A Confederacy of Dunces or, Stupid Post-Katrina New Orleans Vending Rules


Josh Wexler, a New Orleans bookseller who made Reason's pages a few years back by fighting idiotic street-vending laws in the (so-called) Big Easy, has a sharp piece up at National Review Online about how the muckety-mucks down there are screwing up the recovery. A snippet:

The New Orleans city council–which oversees a city desperately in need of opportunity and services–recently passed an ordinance banning "retail sales outside of enclosed buildings" anywhere in the city, unless they are explicitly authorized by other laws.

As a longtime book vendor on the streets of New Orleans, I would like to say I was surprised by this government-issued nonsense. But doing business in the Big Easy is anything but easy for those with entrepreneurial drive….

The sweeping city-council measure, introduced by my councilwoman, Renee Gill Pratt, outlaws the very activity that has restored life to city sidewalks. The penalty for engaging in such commerce or for displays, signs or advertisements for outdoor sales? Six months in jail and/or a $500 fine.

Whole tale of woe here.

And Wexler's intriguing blog about "premodernist life in postapocalyptic New Orleans" here.

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  1. I don’t know. I can see your point here. But, street vending has problems related to the commons, doesn’t it? My understanding is that frequently, mob rule is involved, as, lacking private property rules, thuggery becomes the means to secure the best locations, etc. I’m not sure that a position informed by the study of economics could stand very strongly for street vending. Are there other options?

  2. Wexler:
    I have received aout $4300 from the federal government in the form of FEMA grants. In addition, I receive $90/week from the state of Louisiana for “disaster unemployment.” The question is: Should a libertarian opposed to most all of the government’s post-New Deal spending and scope of power accept this money?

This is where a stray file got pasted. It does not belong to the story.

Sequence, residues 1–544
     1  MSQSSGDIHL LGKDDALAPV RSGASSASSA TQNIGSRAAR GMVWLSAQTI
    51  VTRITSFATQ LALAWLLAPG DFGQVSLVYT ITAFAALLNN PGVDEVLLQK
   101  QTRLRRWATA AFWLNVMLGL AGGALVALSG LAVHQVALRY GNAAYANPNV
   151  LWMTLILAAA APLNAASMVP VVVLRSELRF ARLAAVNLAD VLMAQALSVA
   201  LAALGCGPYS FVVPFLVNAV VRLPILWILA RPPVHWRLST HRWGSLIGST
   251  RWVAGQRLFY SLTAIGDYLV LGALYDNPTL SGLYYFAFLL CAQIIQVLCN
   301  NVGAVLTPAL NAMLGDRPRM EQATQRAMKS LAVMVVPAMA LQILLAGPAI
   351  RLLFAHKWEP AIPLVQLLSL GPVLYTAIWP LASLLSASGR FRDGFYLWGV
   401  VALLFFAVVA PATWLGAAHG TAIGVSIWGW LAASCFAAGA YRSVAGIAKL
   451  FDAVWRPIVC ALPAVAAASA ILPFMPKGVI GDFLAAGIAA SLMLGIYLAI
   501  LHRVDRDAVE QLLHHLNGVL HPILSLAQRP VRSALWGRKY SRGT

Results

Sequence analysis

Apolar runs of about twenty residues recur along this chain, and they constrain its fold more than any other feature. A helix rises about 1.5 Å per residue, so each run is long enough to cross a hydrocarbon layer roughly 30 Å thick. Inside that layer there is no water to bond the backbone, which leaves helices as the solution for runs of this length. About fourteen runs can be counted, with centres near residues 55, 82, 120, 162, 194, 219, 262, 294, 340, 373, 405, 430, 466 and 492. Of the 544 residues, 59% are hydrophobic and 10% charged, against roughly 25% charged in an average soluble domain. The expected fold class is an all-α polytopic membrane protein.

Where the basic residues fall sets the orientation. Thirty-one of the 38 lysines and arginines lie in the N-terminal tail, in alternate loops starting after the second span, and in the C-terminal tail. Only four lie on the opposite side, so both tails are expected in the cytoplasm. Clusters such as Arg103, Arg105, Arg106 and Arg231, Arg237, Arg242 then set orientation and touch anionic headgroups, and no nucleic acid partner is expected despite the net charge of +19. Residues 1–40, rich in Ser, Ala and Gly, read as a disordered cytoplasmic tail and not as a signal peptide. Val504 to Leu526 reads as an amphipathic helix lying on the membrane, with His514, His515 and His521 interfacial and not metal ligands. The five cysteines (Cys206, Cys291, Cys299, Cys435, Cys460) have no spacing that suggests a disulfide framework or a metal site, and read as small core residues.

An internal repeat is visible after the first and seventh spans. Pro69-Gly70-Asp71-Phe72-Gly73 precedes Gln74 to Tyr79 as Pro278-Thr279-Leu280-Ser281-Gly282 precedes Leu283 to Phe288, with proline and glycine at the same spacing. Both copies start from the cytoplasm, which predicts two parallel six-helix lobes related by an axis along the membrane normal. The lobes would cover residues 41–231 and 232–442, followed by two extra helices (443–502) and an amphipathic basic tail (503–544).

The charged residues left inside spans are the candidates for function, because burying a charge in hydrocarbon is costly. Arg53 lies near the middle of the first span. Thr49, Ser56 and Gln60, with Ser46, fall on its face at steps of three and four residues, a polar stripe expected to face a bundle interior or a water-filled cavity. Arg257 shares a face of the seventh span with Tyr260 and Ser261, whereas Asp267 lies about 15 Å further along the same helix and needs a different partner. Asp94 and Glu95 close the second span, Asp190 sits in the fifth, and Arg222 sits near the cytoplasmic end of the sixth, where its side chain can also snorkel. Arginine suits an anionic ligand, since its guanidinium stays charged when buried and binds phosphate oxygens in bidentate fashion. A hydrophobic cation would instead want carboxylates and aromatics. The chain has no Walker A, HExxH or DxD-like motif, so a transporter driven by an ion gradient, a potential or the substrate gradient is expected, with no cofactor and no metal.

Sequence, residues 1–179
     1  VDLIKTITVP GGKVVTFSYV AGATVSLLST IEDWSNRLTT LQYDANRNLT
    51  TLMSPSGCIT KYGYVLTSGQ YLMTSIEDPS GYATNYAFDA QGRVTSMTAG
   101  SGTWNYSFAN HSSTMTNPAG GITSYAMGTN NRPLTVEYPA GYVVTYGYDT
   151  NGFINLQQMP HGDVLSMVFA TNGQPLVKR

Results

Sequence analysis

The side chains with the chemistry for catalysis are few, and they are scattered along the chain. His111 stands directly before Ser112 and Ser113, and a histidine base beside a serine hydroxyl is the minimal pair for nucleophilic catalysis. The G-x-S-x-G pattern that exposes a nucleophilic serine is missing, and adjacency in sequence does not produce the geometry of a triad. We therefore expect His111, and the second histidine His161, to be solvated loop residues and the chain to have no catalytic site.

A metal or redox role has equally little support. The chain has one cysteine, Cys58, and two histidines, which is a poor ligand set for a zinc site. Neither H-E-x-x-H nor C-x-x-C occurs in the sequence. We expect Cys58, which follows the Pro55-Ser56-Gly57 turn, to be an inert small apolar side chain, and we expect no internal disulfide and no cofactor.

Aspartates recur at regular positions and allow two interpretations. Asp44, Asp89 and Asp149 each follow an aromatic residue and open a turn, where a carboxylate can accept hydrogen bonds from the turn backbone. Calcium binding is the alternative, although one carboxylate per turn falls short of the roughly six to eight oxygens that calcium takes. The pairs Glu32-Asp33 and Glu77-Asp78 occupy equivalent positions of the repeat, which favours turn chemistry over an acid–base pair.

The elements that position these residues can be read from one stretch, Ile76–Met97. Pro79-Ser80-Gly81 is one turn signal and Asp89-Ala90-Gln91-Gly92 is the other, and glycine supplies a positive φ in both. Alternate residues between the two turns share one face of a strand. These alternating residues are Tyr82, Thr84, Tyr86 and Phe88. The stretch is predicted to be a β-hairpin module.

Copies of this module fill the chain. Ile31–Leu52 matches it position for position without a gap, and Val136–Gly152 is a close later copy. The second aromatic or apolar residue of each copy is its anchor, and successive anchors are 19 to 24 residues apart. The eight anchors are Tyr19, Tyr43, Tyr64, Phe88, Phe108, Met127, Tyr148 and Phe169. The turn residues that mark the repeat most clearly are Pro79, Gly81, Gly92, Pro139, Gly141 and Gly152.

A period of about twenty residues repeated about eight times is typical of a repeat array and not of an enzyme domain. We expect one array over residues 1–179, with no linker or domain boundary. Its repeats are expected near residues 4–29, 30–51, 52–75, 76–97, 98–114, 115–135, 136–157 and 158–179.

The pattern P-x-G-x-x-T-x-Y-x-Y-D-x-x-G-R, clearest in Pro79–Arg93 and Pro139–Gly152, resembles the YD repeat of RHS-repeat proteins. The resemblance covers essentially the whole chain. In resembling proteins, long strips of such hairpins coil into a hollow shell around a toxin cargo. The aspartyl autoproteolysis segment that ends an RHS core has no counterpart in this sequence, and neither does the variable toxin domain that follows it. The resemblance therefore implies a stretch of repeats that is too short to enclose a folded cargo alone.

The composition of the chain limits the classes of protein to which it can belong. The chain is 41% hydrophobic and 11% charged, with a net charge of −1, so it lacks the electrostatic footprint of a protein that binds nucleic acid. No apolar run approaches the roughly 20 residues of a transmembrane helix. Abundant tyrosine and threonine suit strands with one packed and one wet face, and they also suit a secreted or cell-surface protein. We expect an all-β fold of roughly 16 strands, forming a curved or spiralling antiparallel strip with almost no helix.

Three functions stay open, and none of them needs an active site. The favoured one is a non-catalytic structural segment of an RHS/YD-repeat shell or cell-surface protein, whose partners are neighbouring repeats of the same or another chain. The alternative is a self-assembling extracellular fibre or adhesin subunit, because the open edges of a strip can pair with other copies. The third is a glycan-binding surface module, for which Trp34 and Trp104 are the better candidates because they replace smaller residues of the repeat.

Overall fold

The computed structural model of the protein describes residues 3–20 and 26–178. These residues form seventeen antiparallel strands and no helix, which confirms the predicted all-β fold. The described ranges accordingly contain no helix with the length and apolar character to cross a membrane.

No. Here’s why it shouldn’t even be offered:


    Thousands of men from Mexico and Central America were driving into the city[New Orleans]. Word had spread throughout the Latino immigrant diaspora in America that the city had plenty of work, construction wages had doubled to $16 an hour and no one was asking for papers.

    “It was like a Gold Rush,” said Oscar Calanche, a Guatemalan immigrant who lived in New Orleans before the storm and returned as soon as the waters receded. “In one car there’d be three up front and three or four in the back, with suitcases and tools on top. It looked like a river of people from our countries.”

    … their pay coming from FEMA subcontractors.

    It’s too bad nobody’s paying them to stay home in fancy hotels.

  3. kebko,

    They should set up an old-school public market. There are literally hundreds, no thousands, of years of precedents, and they can still be found throughout the developing world.

    It works. You just need to establish the space rules beforehand, and have someone on hand to keep “the King’s peace.”

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